20 September 1915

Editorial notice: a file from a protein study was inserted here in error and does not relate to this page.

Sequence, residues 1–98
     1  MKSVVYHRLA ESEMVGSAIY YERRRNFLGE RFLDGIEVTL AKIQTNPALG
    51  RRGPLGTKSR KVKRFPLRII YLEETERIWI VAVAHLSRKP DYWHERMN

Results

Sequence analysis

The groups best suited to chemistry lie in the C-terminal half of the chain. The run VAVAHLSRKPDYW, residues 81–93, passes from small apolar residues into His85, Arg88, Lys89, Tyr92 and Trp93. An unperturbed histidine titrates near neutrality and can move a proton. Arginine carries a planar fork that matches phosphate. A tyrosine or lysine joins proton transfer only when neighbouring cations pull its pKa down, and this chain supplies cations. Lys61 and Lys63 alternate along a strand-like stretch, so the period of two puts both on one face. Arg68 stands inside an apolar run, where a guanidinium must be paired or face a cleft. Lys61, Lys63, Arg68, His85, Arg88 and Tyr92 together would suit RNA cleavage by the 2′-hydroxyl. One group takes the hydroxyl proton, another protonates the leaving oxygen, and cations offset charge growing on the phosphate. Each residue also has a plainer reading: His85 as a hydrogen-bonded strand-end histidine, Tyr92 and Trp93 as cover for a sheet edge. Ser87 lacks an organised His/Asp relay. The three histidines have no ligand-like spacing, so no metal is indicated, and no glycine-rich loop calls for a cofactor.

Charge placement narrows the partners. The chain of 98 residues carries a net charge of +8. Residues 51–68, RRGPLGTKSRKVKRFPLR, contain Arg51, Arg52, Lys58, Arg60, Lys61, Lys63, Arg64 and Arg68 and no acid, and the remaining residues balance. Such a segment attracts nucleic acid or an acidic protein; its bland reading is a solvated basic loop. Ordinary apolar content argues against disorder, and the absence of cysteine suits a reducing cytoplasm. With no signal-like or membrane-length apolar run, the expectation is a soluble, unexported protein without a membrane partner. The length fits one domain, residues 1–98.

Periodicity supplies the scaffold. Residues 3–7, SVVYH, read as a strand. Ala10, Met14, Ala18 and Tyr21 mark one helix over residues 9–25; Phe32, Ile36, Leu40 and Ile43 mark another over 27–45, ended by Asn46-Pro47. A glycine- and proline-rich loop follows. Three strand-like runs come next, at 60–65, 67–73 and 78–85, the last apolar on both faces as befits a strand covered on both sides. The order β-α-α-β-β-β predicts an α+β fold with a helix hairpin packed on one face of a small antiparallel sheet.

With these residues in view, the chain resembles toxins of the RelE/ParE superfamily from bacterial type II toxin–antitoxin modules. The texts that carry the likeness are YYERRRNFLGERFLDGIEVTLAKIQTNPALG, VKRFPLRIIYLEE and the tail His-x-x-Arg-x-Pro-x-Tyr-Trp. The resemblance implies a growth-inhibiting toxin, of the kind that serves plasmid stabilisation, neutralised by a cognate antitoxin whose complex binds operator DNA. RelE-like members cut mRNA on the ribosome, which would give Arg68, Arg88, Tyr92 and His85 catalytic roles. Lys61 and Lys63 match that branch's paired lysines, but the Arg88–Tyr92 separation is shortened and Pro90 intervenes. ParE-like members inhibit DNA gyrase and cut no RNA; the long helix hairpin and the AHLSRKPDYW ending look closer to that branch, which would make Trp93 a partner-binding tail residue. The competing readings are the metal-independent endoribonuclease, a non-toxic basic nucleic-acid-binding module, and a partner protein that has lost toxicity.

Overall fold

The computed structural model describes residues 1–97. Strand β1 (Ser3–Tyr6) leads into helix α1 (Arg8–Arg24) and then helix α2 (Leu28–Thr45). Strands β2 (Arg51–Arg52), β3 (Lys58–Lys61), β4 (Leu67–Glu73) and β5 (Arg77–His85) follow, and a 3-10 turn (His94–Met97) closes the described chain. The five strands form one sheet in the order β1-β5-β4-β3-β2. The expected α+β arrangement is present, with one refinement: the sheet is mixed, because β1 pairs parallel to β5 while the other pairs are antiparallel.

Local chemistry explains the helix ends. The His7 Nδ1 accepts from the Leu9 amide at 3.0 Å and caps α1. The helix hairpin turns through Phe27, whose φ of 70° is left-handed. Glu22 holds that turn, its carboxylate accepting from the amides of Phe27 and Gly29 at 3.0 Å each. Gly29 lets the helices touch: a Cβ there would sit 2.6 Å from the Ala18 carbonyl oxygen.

On 20 September 1915 a new battalion consisting of Cape Coloured men, called the Cape Corps was established with the view of being dispatched to East Africa in 1916 to fight on the side of the Allies in World War One. The corps was made up of coloured members of the country's defence force, and at its peak strength it had around 23 000 members. More than 12 000 South African servicemen fought in World War One, and fewer than 4 000 were black, coloured or Indian. The most well-known battle that was fought entirely by the Cape Corps was called the Battle of Square Hill, fought against the Turks. The battle of Square Hill was fought entirely by the Cape Corps squadron, as regulations at the time stated that coloureds could not fight against whites, and the Turks were deemed "non-white". In the battle of Square Hill, the Turkish troops had taken up a post on the hill, making it impossible for British soldiers to pass. They needed to be dislodged. The Cape Corps broke through the enemy's defences in the middle of the night, eventually capturing 8 Turkish officers, 160 soldiers and 181 other Turks as well as an enemy field gun. One Cape Corps member was killed and another wounded. In a second attack at the nearby Kh Jebeit Hill, the Cape Corps faced Turkish forces again during a marathon 12-hour battle. Fifty-one Cape soldiers were killed, a further 101 were wounded and one was captured.